But there is a third aspect to word consciousness that is at least as powerful as the first two: inner language has made us much more introspective than we would otherwise be. It has caused us to be inwardly directed, precisely because inner speech is inner. Attending to the voice within makes us less attentive to other things—such as what is going on around us or other people. We have a tendency to listen too closely to the inner voice and not look around us (consider the pose of Rodin’s The Thinker). There are two sides to this inwardness. First, we simply focus more on the inside than on the outside: we are inward-looking beings, intent on what passes through our own consciousness. Animals don’t have this source of inner interest to compete with outer awareness, but we are pensive and self-obsessed by nature—constantly listening to our inner verbal performances. Language makes us live inside our heads. The other aspect is epistemic: the inner voice has too much influence over our beliefs and attitudes. What it chooses to ramble on about, obsess over, and insist upon has an inordinate role in shaping our view of the world; and it makes us particularly prone to wishful thinking, paranoia, and delusion. Inner speech is a kind of self-generated propaganda, biased and self-serving; and it is with us always. We need the fresh air of external input—from the world or other voices. The inner voice is just too persuasive, too silver-tongued. Surely an enormous proportion of the world’s problems stem from this aspect of word consciousness: we are too in thrall to what our inner voice is telling us–so proximately and persistently. Thus we are abnormally inner-directed and irrationally swayed, because of the words that filter constantly through our minds. Language has done this to us. In language users the natural history of consciousness has reached a distinctive stage: it pullulates with a torrent of verbiage. Words, words, words. No doubt this has its advantages, but it is a question whether it is conducive to wellbeing. There is something unique it is like to be human—to have a verbally saturated consciousness—but it has its downside. Language has reconfigured consciousness and we have to live with the result.  [4]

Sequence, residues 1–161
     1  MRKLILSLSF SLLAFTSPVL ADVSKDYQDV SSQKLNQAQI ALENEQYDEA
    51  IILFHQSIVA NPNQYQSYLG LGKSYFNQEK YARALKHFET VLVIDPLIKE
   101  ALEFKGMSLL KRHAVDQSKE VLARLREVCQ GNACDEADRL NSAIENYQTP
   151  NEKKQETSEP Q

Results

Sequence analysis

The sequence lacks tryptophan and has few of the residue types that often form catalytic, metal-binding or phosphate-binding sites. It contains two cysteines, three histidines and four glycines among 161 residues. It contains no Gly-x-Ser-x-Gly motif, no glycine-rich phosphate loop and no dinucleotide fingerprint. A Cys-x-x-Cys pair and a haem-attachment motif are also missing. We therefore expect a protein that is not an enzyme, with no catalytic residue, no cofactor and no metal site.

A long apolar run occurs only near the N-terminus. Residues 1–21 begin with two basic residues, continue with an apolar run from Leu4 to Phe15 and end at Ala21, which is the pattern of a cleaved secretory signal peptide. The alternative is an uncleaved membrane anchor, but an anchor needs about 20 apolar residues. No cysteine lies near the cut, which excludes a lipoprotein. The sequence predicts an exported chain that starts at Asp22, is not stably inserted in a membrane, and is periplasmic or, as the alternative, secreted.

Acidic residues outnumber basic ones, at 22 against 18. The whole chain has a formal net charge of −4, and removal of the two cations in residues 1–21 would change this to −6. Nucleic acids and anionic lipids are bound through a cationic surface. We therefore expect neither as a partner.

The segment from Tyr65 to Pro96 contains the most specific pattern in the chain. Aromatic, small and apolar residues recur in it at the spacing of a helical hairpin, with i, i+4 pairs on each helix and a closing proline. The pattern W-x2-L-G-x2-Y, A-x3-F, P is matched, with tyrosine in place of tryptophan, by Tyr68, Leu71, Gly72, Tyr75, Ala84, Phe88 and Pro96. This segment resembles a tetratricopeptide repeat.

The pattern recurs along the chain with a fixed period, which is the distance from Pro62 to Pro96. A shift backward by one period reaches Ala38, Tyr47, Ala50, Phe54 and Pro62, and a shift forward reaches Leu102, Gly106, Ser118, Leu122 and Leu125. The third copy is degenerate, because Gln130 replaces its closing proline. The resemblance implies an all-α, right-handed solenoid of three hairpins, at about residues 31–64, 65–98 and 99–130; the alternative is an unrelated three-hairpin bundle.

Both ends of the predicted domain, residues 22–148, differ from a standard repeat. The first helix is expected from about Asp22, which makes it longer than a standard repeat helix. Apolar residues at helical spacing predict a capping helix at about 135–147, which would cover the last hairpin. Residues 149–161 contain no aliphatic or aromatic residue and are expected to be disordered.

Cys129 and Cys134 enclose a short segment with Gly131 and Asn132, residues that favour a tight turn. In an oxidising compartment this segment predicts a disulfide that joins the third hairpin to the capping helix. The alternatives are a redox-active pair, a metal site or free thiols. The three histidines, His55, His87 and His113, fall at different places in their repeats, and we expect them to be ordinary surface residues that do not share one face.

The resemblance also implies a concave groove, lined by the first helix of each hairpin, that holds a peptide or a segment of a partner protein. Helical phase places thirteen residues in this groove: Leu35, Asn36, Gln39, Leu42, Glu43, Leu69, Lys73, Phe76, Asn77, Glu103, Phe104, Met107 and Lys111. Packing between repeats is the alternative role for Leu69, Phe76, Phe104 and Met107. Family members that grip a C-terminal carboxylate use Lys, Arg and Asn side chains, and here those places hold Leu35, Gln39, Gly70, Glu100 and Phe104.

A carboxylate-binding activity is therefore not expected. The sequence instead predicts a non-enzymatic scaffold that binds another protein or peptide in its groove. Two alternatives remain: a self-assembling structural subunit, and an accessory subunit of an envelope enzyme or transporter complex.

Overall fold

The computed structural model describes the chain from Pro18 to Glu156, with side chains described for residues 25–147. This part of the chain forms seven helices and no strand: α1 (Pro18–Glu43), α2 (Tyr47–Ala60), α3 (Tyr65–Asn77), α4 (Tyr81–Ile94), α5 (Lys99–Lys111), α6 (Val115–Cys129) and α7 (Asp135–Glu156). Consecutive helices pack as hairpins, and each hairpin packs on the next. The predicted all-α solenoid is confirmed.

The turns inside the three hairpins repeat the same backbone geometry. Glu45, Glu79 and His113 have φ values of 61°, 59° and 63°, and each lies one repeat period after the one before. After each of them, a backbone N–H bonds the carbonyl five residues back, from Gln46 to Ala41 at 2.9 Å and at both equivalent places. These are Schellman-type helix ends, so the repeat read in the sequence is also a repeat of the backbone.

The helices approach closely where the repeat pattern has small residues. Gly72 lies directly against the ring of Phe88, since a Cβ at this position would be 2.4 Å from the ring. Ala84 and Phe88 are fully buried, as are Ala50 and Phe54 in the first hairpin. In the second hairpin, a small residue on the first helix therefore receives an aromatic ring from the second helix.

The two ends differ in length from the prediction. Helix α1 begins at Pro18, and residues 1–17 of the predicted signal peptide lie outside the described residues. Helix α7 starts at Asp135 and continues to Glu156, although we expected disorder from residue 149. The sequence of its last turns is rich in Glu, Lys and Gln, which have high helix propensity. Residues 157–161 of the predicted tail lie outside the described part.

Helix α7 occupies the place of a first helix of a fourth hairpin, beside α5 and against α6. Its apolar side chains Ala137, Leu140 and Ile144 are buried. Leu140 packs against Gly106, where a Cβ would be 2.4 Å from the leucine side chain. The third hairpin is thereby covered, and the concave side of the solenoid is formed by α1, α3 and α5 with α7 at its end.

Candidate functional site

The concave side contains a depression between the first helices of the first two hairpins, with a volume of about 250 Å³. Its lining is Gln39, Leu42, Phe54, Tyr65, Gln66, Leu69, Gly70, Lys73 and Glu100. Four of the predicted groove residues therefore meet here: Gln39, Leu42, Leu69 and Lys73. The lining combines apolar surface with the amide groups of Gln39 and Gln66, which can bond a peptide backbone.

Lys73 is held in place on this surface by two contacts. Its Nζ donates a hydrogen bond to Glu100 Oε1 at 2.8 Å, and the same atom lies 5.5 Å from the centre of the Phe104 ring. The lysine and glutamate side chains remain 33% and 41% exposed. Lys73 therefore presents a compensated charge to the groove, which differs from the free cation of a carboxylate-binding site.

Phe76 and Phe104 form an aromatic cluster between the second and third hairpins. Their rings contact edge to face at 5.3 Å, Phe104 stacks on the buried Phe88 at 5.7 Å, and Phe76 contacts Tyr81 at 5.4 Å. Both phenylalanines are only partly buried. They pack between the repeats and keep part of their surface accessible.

Colin McGinn 

  [1] This is not a trivial consequence of having a language, since one can imagine beings equipped with language who consign it to the periphery of awareness, using it only rarely and quite able to interrupt it.  But in humans language has taken over the premises: it is apt to fill every waking moment and sometimes seems to have a will of its own. We are condemned to language (to use a Sartrean idiom).

  [2] I am not saying that faculties like vision or even digestion are simple, but they are not evidently complex in the way language is: language displays its complexity on its face—as is obvious when trying to learn a second language. No doubt this is (partly) why we tend to place ourselves above animals in the league of sophistication.

  [3] Disorders of internal speech ought to be a psychiatric subject in its own right—a malady to which animals are not subject. There cannot be voices in the head if there is no language for them to speak.

  [4] Remember that evolution doesn’t care if pain causes unhappiness so long as it aids in survival. Language might be a good survival tool while bringing a measure of discontent or disquiet in its wake (it might also bring some consolations—poetry, jokes, conviviality). Is part of the appeal of music its ability to displace the inner voice?